2. ^We realize that many enactivist positions are more nuanced than the nativist-empiricist distinction suggests, but we still consider our distinction useful because it provides a conceptual tool for classifying different theories in their relative emphasis on learning or innate processes. That is, we argue that some enactivist explain social understanding in part by innate processes, while other enactivists deny the relevance of such processes because they claim that interactive or learning processes are sufficient. The distinction between nativist and empiricist enactivism therefore primarily serves an instrumental purpose in order to illustrate the differing enactivist views on the origin of social understanding. A similar empiricist-nativist distinction appears to be a fruitful way to classify other developmental debates, such as the origin of knowledge (Spelke, 1998), language (MacWhinney, 1999), or spatial and quantitative processing (Newcombe, 2002). We propose to use a similar distinction to clarify the present debate on the origin of social understanding. Disentangling theories based on their relative emphasis on learning or innate processes is especially relevant for discussing the evidence of neonatal imitation. That is, if neonatal imitation would exist, this provides strong evidence for the notion that basic forms of social interaction are already present at birth and do not have to be learned.

3. ^Some enactivists, however, do not necessarilly view two qualitatively different forms of imitation (neonate vs. adult) as problematic (Froese and Leavens, 2014)

4. ^This experiment by itself does in our view not provide evidence for the nativist enactivist claim that neonates are capable of intersubjective understanding, for all the dynamics between actor and observer are lost after the introduction of a delay between the modeled gesture and the neonate's response.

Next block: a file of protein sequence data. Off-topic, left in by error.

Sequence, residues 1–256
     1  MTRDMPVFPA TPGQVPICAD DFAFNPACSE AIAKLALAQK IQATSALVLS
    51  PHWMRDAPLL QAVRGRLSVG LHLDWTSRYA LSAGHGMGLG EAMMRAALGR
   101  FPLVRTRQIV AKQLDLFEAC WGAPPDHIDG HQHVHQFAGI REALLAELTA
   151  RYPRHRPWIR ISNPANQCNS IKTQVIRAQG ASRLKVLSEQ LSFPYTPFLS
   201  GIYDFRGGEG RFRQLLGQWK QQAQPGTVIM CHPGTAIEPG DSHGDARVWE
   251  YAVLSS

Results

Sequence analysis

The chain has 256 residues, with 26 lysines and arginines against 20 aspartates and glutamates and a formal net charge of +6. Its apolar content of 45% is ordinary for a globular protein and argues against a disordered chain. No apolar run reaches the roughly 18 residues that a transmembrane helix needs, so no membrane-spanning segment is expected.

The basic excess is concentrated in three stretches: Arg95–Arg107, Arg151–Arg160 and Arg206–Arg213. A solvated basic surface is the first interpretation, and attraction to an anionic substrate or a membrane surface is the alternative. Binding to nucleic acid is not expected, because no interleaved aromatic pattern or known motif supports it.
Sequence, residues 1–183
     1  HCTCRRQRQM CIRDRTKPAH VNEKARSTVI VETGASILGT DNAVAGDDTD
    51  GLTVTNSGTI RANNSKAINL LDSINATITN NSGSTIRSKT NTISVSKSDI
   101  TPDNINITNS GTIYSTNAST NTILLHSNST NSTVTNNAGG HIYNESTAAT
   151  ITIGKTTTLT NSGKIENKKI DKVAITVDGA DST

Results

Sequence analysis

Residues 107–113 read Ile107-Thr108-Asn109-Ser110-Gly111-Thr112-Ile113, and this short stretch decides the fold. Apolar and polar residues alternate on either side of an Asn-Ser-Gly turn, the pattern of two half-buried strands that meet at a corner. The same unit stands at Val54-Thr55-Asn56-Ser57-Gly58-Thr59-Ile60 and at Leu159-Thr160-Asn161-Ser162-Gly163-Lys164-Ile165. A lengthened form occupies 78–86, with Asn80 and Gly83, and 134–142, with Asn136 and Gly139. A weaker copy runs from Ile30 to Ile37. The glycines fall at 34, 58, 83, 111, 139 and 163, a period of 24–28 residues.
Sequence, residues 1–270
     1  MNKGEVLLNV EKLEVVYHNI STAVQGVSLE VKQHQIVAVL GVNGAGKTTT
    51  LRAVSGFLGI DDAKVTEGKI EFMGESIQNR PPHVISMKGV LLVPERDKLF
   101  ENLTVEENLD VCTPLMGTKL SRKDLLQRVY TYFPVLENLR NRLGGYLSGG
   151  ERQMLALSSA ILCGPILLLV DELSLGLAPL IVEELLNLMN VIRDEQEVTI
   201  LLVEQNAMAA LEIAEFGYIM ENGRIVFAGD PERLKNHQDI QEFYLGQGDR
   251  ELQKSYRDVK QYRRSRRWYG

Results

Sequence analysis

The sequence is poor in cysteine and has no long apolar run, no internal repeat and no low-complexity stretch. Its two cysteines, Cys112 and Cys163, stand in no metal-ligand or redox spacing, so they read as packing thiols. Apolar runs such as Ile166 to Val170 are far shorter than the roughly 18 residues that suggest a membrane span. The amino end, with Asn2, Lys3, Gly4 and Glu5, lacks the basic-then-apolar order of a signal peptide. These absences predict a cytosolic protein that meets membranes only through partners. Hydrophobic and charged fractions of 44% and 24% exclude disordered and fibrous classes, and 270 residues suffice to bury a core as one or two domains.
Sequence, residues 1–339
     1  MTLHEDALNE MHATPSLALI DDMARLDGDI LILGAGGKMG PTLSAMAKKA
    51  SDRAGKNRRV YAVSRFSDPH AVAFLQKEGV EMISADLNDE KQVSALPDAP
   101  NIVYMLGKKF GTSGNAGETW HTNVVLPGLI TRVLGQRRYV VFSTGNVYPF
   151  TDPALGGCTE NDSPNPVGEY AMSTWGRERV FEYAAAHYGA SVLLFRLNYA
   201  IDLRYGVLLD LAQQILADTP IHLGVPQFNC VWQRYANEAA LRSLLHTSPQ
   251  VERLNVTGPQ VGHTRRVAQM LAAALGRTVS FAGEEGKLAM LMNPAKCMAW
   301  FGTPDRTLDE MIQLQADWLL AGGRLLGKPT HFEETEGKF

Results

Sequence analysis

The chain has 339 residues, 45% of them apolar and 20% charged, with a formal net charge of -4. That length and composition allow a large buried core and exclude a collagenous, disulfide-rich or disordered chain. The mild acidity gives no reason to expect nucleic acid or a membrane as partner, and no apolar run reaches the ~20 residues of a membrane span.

5. ^Such a meta-analysis, however, was beyond the scope of the present paper.

6. ^One shortcoming of all explanations described above, however, is that they all focus on individuals as units of analysis. This “methodological individualism” (Boden, 2006) is not only dominant in imitation research, but also in most areas of social neuroscience. Recently, a new model has been proposed (Froese et al., 2012) that explains imitation not only in terms of the individuals involved in the imitation, but takes the social interaction itself as a unit of analysis. This theory actually bypasses the nativist-enactivist discussion, because instead of using individual mechanisms (innate vs. learned), it explains imitation as emerging completely from the social interaction itself. Although this theory has been supported experimentally (Froese et al., 2012), it is not yet complemented by brain imaging studies because of the challenges associated with second-person perspective neuroscience. A potential venue of future research would therefore be to study the social interaction underlying imitation by using promising new second-person perspective techniques such as dual EEG (Dumas et al., 2010; Naeem et al., 2012).

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Keywords: enactivism, neonatal imitation, intersubjectivity, action understanding, social cognition

Citation: Lodder P, Rotteveel M and van Elk M (2014) Enactivism and neonatal imitation: conceptual and empirical considerations and clarifications. Front. Psychol. 5:967. doi: 10.3389/fpsyg.2014.00967

Received: 30 April 2014; Accepted: 13 August 2014;
Published online: 02 September 2014.

Edited by:

Ezequiel Alejandro Di Paolo, Ikerbasque - Basque Foundation for Science, Spain

Reviewed by:

Moritz M. Daum, University of Zurich, Switzerland
Ezequiel Alejandro Di Paolo, Ikerbasque - Basque Foundation for Science, Spain

Copyright © 2014 Lodder, Rotteveel and van Elk. This is an open-access article distributed under the terms of the Creative Commons Attribution License (CC BY). The use, distribution or reproduction in other forums is permitted, provided the original author(s) or licensor are credited and that the original publication in this journal is cited, in accordance with accepted academic practice. No use, distribution or reproduction is permitted which does not comply with these terms.

*Correspondence: Paul Lodder, Department of Psychology, University of Amsterdam, Weesperplein 4, Room 1.03, Amsterdam 1018XA, Netherlands e-mail: p.lodder@uva.nl